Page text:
Special to Yahoo Sports
Welcome to the Week 3 edition of Trader’s Alley for the 2021 fantasy football season. With just two weeks of games under our belt, we can’t quite toss out all we know about the teams and players heading into the year, but in certain cases, it’s clear that their situation has changed. In those cases, it’s advantageous for us to begin planning out our trade targets so that our teams can be stronger by season’s end than when we finished our drafts.
Below are my trade targets, a player to deal and one to hold heading into Week 3. In addition to this article, don’t forget to use the 4for4 Trade Evaluator to try and mine even more value out of your moves. And remember, these recommendations are just the beginning of your fantasy trade considerations. Every league and every team is different. These are just some of the players — from a bigger list — who I’m interested in this week.
Taylor has been a disappointment for those who spent early-round draft capital on him thus far, averaging just 10.7 half-PPR fantasy points per game, barely inside the top-30 running backs. Heading into Week 3, Taylor’s two straight middling performances may have opened up an opportunity to pounce on a trade, taking advantage of a panicked manager looking to make a drastic move after that slow start. While it’s true the Colts’ offense is in flux due to the injury to Carson Wentz, the underlying opportunity metrics look strong enough that running back-deficient teams should absolutely still send out an offer, especially if the Taylor manager is concerned over Taylor’s inefficiencies and Wentz’ injuries.
Taylor ranks fourth among all running backs in expected fantasy points per game, but already sits at three touchdowns below expectation this year. In 2020, Taylor was one of the most efficient backs in the league, scoring well over two fantasy points per game over his expected total, giving us a solid reason to believe Taylor can eventually break out of his slump. Taylor has a slew of bad defenses on the docket, including the Titans in Week 3, who currently rank bottom-five in adjusted fantasy points allowed (aFPA) to running backs.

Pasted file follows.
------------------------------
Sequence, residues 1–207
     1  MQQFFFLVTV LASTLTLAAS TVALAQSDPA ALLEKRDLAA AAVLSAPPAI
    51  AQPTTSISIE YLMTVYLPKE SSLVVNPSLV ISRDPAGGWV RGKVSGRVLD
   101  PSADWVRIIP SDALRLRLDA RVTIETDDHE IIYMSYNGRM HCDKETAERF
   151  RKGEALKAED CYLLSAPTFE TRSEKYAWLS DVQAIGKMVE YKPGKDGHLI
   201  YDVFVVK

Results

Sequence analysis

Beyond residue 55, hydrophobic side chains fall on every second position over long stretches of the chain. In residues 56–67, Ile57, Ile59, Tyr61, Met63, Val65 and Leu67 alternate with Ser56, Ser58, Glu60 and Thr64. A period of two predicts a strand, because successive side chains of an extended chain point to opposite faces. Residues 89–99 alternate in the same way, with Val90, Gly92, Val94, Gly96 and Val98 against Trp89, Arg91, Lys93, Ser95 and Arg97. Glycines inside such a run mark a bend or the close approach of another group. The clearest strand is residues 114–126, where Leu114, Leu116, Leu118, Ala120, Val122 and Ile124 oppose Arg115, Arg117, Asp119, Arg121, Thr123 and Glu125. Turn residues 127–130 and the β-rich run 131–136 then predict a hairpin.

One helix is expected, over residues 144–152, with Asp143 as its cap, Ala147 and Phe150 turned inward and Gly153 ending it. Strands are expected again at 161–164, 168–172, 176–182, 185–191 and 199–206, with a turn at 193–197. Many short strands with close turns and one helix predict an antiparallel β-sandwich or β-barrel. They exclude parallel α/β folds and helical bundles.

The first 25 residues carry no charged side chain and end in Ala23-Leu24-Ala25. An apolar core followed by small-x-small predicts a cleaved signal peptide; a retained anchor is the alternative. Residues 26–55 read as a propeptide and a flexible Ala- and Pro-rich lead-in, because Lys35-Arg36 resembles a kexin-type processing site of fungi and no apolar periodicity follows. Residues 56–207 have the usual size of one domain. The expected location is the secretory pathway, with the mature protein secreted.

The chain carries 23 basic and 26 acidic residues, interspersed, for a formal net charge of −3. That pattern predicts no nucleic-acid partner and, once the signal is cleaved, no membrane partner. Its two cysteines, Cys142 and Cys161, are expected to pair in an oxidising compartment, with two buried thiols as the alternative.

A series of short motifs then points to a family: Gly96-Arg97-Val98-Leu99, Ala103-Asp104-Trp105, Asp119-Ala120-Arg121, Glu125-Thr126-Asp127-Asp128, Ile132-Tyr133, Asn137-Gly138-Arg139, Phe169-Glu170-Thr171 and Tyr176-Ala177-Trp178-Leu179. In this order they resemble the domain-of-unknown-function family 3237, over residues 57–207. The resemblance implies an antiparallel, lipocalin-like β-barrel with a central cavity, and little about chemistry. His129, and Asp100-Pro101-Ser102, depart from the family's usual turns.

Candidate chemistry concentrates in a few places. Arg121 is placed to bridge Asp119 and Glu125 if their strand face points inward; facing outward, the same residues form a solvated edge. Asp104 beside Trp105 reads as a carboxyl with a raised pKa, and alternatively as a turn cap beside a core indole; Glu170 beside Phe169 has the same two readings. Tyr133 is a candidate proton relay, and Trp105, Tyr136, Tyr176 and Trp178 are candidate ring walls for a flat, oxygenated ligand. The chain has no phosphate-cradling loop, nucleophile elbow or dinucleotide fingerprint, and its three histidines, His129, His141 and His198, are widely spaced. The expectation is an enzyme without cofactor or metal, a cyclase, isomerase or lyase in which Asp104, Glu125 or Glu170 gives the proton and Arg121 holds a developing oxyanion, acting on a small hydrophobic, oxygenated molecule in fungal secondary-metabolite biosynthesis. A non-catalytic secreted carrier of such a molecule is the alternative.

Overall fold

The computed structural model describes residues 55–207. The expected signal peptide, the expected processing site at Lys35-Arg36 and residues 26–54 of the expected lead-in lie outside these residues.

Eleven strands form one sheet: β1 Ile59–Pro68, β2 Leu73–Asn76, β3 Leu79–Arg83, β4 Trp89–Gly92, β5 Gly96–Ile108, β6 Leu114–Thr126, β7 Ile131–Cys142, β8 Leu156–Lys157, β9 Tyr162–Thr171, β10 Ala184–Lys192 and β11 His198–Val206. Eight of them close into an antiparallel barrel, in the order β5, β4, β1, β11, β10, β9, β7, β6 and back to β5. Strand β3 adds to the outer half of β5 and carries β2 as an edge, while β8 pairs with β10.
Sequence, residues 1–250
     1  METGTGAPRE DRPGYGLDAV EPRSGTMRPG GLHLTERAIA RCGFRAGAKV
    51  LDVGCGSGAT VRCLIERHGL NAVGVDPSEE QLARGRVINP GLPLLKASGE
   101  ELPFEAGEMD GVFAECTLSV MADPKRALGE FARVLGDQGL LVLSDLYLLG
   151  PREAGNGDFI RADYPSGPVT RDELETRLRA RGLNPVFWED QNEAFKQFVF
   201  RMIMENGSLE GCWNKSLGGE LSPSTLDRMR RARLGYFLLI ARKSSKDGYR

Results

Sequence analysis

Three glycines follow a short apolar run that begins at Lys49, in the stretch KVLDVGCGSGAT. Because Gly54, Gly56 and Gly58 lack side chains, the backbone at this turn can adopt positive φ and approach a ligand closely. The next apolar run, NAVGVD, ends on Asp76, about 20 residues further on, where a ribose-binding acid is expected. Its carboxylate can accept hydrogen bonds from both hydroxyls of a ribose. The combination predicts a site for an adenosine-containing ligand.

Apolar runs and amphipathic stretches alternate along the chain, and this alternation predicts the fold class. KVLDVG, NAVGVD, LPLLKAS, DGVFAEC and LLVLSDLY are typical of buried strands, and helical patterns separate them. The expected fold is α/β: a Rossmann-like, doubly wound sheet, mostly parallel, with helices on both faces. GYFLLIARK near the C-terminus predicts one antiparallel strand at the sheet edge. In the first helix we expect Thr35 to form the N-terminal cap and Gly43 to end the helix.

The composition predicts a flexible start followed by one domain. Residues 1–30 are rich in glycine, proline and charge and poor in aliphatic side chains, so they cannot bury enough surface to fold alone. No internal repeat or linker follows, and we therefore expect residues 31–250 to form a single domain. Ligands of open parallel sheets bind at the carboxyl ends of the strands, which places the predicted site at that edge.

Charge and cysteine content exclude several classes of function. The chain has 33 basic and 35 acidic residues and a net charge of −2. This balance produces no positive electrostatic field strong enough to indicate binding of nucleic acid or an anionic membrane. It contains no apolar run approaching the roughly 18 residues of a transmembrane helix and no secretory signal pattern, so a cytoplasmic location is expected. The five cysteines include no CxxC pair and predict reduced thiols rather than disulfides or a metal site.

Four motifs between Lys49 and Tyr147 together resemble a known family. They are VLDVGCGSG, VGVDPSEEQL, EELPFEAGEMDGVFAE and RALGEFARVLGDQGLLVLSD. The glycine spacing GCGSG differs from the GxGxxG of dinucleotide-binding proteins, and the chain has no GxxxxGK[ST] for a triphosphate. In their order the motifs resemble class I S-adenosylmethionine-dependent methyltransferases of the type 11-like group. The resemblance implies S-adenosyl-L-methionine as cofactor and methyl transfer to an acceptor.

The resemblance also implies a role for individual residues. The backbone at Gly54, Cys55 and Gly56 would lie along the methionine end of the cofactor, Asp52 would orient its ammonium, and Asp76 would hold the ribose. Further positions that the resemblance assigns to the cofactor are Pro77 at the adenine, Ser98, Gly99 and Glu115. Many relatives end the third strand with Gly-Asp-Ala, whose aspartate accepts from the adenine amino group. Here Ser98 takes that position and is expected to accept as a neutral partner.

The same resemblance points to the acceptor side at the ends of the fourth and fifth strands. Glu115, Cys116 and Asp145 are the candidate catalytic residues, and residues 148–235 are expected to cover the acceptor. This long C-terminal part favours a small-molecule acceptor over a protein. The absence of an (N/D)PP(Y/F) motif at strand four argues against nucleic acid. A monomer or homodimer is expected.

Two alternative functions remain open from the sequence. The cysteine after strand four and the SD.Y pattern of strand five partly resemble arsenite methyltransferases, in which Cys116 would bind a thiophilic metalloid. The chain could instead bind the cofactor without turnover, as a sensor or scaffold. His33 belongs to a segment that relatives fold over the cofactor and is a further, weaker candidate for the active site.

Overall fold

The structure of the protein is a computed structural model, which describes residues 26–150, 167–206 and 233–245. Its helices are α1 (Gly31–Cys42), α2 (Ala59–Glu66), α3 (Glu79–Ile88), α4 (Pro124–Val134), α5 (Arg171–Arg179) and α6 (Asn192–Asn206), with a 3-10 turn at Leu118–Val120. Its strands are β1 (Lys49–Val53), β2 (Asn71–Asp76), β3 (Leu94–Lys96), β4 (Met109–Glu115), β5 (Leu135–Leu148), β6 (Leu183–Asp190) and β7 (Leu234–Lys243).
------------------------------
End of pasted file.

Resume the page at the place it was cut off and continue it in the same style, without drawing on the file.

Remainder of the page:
This is more of an indictment of the Steelers’ offense as a whole. Yes, it’s true that Harris is thus far accounting for 93% of the Pittsburgh running back rushes, and that he currently ranks top-20 at his position in target share. But Harris is getting mostly low-quality touches in a Steelers’ offense that currently ranks bottom-10 in PFF’s overall offensive grade. They’re currently graded as the fourth-worst rushing team in the league, and it’s showing in Harris’ efficiency metrics. Harris ranks 12th among running backs in expected fantasy points per game but is the RB96 in fantasy points scored versus expectation. With several question marks on the offensive line, and a passing offense that’s unable to consistently get the offense near the goal line, Harris won’t be able to fully capitalize on a decent strength of schedule for running backs in the weeks ahead. The floor projection will be fine for Harris rest-of-season, but his ceiling simply isn’t there in the current iteration of the Steelers’ offense. Trade him to a manager who still values Harris as a top-20 player.
Hold Clyde Edwards-Helaire
Possibly the most alarming part of Edwards-Helaire’s disappointing start to the 2021 season is his lack of targets. He’s averaging fewer than two targets per game thus far, and without consistent goal-line opportunities, Edwards-Helaire has seen middling opportunity, despite playing on one of the most prolific offenses in recent memory. His value is dampened by the fact that Mahomes and company score from outside the red zone with such frequency, but the lack of targets is the double-whammy. Tony Pollard is currently averaging the same amount of expected fantasy points per game as the Chiefs’ 2020 first-rounder. To make matters worse, his late-game fumble in the waning moments of the Chiefs’ Week 2 matchup against the Ravens cost his team the game.
Even with all that said, the quality of the overall offense is still enough to make Edwards-Helaire a startable FLEX option most weeks, but possibly most important is the fact that moving him now means dealing him at his lowest value. That’s typically not the right move unless there’s no way we could reasonably see the situation improving. In this case, we absolutely can, as even just a slight increase in the quality of his touches, or in per-touch efficiency could boost Edwards-Helaire back into the weekly top-15 running back conversation, or at the very least increase his trade value for future potential deals.
Bonus tip: Float a deal for Austin Ekeler
Austin Ekeler got back to his old ways in the passing game, earning nine targets (and catching all nine), ranking fourth among running backs in expected fantasy points. He’s a bonafide RB1 in the Chargers’ offense, and if Ekeler’s fantasy manager doesn’t realize it, strike now before a 20-plus point performance makes him untouchable.
A middling athlete who was offered his first sports analytics position in middle school, Matt has been working on NFL and fantasy football data science since 2017. With a particular passion for data visualization and dashboard building, he loves to make data accessible by using graphs and charts to communicate ideas that are difficult to explain with words alone.
More from 4for4.com: Week 3 stash candidates